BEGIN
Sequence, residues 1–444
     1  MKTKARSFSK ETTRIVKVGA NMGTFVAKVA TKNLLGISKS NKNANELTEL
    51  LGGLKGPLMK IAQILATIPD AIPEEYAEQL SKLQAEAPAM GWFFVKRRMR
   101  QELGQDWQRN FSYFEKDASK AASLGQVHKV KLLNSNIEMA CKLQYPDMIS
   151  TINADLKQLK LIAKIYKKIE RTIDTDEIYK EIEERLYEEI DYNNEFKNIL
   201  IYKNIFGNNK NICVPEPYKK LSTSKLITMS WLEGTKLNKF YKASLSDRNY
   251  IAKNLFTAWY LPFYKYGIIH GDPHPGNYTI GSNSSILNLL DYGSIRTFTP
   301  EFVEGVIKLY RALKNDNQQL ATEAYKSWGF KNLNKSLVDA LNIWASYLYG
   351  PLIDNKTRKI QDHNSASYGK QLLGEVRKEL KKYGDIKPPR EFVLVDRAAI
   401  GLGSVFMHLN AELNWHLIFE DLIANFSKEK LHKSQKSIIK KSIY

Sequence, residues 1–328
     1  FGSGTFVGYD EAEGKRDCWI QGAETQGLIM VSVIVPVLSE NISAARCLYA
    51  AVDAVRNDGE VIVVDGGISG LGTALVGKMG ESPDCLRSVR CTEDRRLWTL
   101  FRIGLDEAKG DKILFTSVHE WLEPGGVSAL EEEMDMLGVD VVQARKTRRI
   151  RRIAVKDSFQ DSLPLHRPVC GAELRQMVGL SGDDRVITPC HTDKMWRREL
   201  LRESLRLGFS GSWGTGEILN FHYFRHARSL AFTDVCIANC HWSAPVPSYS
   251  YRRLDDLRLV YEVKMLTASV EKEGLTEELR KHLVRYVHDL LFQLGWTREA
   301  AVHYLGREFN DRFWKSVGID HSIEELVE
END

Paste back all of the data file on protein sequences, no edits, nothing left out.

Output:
Sequence, residues 1–444
     1  MKTKARSFSK ETTRIVKVGA NMGTFVAKVA TKNLLGISKS NKNANELTEL
    51  LGGLKGPLMK IAQILATIPD AIPEEYAEQL SKLQAEAPAM GWFFVKRRMR
   101  QELGQDWQRN FSYFEKDASK AASLGQVHKV KLLNSNIEMA CKLQYPDMIS
   151  TINADLKQLK LIAKIYKKIE RTIDTDEIYK EIEERLYEEI DYNNEFKNIL
   201  IYKNIFGNNK NICVPEPYKK LSTSKLITMS WLEGTKLNKF YKASLSDRNY
   251  IAKNLFTAWY LPFYKYGIIH GDPHPGNYTI GSNSSILNLL DYGSIRTFTP
   301  EFVEGVIKLY RALKNDNQQL ATEAYKSWGF KNLNKSLVDA LNIWASYLYG
   351  PLIDNKTRKI QDHNSASYGK QLLGEVRKEL KKYGDIKPPR EFVLVDRAAI
   401  GLGSVFMHLN AELNWHLIFE DLIANFSKEK LHKSQKSIIK KSIY

Sequence, residues 1–328
     1  FGSGTFVGYD EAEGKRDCWI QGAETQGLIM VSVIVPVLSE NISAARCLYA
    51  AVDAVRNDGE VIVVDGGISG LGTALVGKMG ESPDCLRSVR CTEDRRLWTL
   101  FRIGLDEAKG DKILFTSVHE WLEPGGVSAL EEEMDMLGVD VVQARKTRRI
   151  RRIAVKDSFQ DSLPLHRPVC GAELRQMVGL SGDDRVITPC HTDKMWRREL
   201  LRESLRLGFS GSWGTGEILN FHYFRHARSL AFTDVCIANC HWSAPVPSYS
   251  YRRLDDLRLV YEVKMLTASV EKEGLTEELR KHLVRYVHDL LFQLGWTREA
   301  AVHYLGREFN DRFWKSVGID HSIEELVE